ST. LOUIS–Trish Gunby says she’s used to it.
As a Democrat who won a special election for a seat representing West St. Louis County in the Missouri General Assembly, and found herself deep in the minority, she says she’s spent her time in office knowing that bills with her name on them face tough sledding in Jefferson City. It may be even more of an issue this year since Gunby has announced a campaign for Congress. That means she needs help from across the aisle to find a co-sponsor who can help get a bill into committee.
When news broke earlier this month that seven people died in Central West End apartment building from drug overdoses related to fentanyl, Gunby took to social media to look for more help.
“I’ve filed HB2570, a fentanyl testing strip pilot program bill, and am looking for someone across the aisle to file it and help move it along. After this weekend, we must work harder to save lives,” she said on Twitter on February 6.
The bill would establish a “three-year pilot program for the purpose of implementing and studying the efficacy, public health, and public safety outcomes of the use of fentanyl testing strips by individuals addicted to opioids and other substances.”
A 2018 Johns Hopkins study found support for the idea.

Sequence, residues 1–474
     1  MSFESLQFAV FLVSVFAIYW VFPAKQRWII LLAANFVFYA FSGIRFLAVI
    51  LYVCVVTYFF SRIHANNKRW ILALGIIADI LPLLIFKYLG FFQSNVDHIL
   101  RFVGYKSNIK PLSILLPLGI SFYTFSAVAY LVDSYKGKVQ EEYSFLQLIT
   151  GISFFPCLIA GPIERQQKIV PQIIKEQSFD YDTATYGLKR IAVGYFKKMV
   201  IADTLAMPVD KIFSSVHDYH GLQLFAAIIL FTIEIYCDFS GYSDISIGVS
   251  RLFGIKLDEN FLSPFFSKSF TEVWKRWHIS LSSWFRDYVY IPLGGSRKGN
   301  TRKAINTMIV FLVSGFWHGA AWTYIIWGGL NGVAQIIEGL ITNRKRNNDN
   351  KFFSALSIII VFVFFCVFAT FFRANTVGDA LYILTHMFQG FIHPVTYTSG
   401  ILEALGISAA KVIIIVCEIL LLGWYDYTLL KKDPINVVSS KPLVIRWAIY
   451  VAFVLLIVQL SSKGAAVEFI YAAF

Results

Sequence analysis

“When we spoke with people who inject drugs in the three cities, we found the vast majority were interested in having their drugs checked for fentanyl. Even more said that doing so would help them protect themselves from overdose. Public health experts advise that any drug-checking program should include harm reduction counseling, health education, and connection to services including treatment. It’s important to note the limitations of drug-testing mechanisms: there still can be false positives and false negatives, and the presence of other dangerous substances may go undetected,” the study said in part.
An official in the Department of Health and Human Services during the Trump administration published a blog opposing them, saying they create a false sense of security. The post is now unavailable on the agency’s website.
“Addicts don’t want to die, typically. They’re addicted and they’re looking for their next fix. We see accidental overdoses reported all the time,” Gunby said. “It’s truly a way to keep people alive in the hopes they will seek treatment. I believe that’s the most realistic use of these.”
But Gunby is also realistic about the odds of getting something done this year, and it has little to do with her political party registration. Her bill, and everything else, it seems, are all held being hostage at the moment as the Missouri Senate is paralyzed over something else entirely: redistricting.
“We’ve got a Senate that’s not even looking at bills right now, they’re still on one bill so it’s gonna be harder and harder to pass legislation this year this session because of the redistricting map and how that is slowing everything down,” Gunby said.
Lawmakers in both parties have often had to file bills over multiple sessions to build support and consensus, and this one may be no different.
“It’s a marathon,” Gunby said.